Presentation on theme: "Malena Nostalgia Fantasising relationships and The Power of the Close-up."— Presentation transcript:
Malena Nostalgia Fantasising relationships and The Power of the Close-up
Nostalgia What cinematic devices are used to evoke a sense of nostalgia? Music - romantic Location - historical Colour palette – warm, soft Voice over narrative – looking back to childhood from old age Setting - wartime Casting – Renato looks very young, childish Emphasis on fantasy/reality through perspective
The relationship between the two characters in Malena (Renato and Malena) is constructed through the film’s narrative construction and emphasised through cinematography. NB there is a relationship because Renato, our narrator says there is. He (and we) are aware that this relationship is a fantasy
Renato’s perspective is further developed though the medium of film – his POV, the fantasy sequences
Parasocial relationship This is a term used to describe one-sided, "parasocial" interpersonal relationships in which one party knows a great deal about the other, but the other does not. The most common form of such relationships are one-sided relations between celebrities and audience or fans Even though such one-way friendships are based on illusion of interaction via television or radio rather than actual social interaction, a bond of intimacy is created and the viewers feel they really know the media character. The viewer is made to believe that the person on the screen is communicating directly to them, even though the other participants— actors or players—have no knowledge or attachment to fans, other than as an aggregation of numbers comprising an audience and their income.
Parasocial Relationship The parasocial relationship can be one we establish with a character in the context of a single film or as part of an ongoing relationship we feel we have with an actor. Note how Malena both explores this through Renato’s relationship with Malena and our relationship with Monica Bellucci
The film’s emphasis on cinema, looking and fantasy identification equates Renato’s ‘looking’ with our own. How does this make us feel – guilty? Powerful?
The film is patterned around shot/reverse shot We become increasingly ‘close’ to Malena through the cinematography, creating the illusion of Renato’s/our relationship growing closer
Our relationship with Renato becomes more pronounced as he mirrors our actions, watching the unobtainable Malena on screen. Remember the ‘cinematic’ nature of the fantasy sequences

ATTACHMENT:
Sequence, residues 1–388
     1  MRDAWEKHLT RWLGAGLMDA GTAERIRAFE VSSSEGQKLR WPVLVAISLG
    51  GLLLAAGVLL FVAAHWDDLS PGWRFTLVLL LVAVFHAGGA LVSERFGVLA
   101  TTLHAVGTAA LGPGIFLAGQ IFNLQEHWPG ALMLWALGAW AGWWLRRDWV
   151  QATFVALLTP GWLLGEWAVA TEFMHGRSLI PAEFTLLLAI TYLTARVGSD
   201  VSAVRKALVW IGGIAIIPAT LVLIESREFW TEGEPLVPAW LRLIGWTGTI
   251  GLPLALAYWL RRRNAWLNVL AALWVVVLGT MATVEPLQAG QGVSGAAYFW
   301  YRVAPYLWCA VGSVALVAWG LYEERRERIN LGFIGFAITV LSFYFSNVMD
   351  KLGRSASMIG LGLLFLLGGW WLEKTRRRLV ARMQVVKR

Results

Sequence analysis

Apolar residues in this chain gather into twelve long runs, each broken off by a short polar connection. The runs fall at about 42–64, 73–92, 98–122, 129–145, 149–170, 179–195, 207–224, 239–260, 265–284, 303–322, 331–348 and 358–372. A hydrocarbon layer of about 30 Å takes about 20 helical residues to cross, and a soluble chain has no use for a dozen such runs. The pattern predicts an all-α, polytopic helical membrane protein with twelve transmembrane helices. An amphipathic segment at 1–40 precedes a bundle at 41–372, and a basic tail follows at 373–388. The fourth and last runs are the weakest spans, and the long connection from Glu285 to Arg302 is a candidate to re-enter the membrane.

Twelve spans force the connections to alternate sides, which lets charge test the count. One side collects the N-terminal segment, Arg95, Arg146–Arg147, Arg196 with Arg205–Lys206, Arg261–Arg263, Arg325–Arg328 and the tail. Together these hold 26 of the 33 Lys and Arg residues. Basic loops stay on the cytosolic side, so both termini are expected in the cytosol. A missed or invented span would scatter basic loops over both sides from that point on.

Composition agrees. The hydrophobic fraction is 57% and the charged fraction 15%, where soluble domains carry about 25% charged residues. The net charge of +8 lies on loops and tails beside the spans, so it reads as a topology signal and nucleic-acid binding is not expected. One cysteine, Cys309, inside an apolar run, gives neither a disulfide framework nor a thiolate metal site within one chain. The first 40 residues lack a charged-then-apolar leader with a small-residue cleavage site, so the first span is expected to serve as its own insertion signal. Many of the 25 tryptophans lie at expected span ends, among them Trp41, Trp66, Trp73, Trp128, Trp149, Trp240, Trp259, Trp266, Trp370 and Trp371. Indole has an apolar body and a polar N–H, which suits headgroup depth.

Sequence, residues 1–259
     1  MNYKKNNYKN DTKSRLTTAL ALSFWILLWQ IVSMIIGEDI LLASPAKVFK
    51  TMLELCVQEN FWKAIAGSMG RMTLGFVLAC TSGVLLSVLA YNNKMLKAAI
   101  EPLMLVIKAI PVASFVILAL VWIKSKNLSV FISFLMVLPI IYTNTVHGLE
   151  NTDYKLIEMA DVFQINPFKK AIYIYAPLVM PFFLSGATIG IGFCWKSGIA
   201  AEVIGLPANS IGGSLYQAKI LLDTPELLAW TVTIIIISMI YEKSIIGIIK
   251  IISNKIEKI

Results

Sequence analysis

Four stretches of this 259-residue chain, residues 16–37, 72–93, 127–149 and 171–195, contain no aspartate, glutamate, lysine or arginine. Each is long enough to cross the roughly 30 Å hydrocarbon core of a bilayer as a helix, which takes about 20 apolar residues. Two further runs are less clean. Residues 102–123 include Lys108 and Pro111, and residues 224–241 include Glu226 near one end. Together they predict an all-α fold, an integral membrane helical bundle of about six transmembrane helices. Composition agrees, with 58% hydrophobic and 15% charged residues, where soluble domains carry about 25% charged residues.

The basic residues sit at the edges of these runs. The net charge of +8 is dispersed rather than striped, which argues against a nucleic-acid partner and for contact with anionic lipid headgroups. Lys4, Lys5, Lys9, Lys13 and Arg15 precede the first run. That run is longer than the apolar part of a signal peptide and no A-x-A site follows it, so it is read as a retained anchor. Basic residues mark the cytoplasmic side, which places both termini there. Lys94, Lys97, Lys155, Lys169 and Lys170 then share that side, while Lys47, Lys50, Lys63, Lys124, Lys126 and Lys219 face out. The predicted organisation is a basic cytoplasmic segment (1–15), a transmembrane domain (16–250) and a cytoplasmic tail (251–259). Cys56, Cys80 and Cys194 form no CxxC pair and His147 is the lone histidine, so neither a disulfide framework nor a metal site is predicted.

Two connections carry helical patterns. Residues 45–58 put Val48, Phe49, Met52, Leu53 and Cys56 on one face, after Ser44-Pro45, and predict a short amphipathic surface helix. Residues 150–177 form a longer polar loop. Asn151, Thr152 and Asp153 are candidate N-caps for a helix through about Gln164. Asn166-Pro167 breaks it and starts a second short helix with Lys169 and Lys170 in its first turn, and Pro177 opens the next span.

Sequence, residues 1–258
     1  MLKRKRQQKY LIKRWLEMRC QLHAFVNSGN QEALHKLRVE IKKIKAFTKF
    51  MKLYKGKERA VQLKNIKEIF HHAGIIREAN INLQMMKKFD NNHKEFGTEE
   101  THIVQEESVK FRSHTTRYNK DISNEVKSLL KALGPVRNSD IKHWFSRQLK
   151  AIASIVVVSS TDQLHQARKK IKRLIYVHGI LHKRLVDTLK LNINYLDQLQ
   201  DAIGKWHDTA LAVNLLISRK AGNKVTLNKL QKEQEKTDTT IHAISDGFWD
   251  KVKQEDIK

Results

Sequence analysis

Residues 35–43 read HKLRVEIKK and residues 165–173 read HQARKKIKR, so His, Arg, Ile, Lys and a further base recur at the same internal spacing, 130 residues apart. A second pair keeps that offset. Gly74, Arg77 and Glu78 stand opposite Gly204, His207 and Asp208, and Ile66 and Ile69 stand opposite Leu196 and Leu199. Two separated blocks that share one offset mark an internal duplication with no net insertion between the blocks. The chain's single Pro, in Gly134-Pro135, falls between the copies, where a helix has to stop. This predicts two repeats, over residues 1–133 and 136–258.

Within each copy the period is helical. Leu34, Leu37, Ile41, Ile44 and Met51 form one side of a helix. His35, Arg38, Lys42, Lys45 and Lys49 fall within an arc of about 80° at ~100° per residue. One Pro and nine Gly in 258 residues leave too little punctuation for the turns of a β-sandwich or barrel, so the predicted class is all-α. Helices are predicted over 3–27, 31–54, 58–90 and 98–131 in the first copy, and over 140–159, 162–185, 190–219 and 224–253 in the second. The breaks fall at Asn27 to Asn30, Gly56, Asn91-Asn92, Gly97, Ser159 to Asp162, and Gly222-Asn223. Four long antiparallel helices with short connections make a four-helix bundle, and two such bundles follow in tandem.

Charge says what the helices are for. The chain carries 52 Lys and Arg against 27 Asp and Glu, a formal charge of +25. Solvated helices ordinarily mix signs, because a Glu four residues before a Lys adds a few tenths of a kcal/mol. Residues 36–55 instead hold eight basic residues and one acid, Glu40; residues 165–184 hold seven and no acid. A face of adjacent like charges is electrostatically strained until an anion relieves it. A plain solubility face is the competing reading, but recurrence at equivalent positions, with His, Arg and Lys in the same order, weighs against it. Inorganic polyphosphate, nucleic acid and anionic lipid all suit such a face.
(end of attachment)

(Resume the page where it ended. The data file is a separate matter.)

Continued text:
Note the contrast in our other study film and how we are asked to relate to the main characters
The Hungarian critic Bela Balazs considered the close-up to be the most emotive shot in cinema. “Facing an isolated face takes us out of space, our consciousness of space is cut out.” “Many profound emotional experiences can never be expressed in words at all” “ ‘Microphysiognomy’ (shows) a deeply moving human tragedy with the greatest economy of expression.” Do you agree with Balazs? Do you have your own perspective? Can you explain using an example from Malena or another film of your choice?
Visual Pleasure and Narrative Cinema (1975) Laura Mulvey
Fascination and film According to Laura Mulvey: Film fascinates us (engages our emotions), through images and spectacle Mainstream cinema manipulates visual pleasure. It ‘codes the erotic into the language of the dominant patriarchal order’.
Scopophilia Scopophilia = pleasure in looking (Sigmund Freud 1905, in ‘Three Essays’) examples of the private and curious gaze: children’s voyeurism, cinematic looking the most pleasurable looking = looking at the human form and the human face
‘Woman as image, man as bearer of the look’ pleasure in looking split between active/male and passive/female women connote ‘to-be-looked-at-ness’
‘Woman as image, man as bearer of the look’ the woman functions as both erotic object for the characters within the screen story and erotic object for the spectator within the auditorium (object of fantasy) the spectator is led to identify with the main male protagonist ‘the power of the male protagonist as he controls events coincides with the active power of the erotic look’ - Laura Mulvey
The male gaze and fetishistic scopophilia Scopophilia is the force driving the movements and positioning of the camera the gaze is male, and the spectator is led to identify with this male gaze the cinematic apparatus is not gender-neutral Visual pleasure therefore panders to male fantasies
Is Malena a film that uses the male gaze to stimulate the spectator’s emotion? If so – through fantasy, eroticism and assumption of a masculinised audience What cinematic devices suggest this?
Or… Is the film about how the male gaze can repress women? If so, how?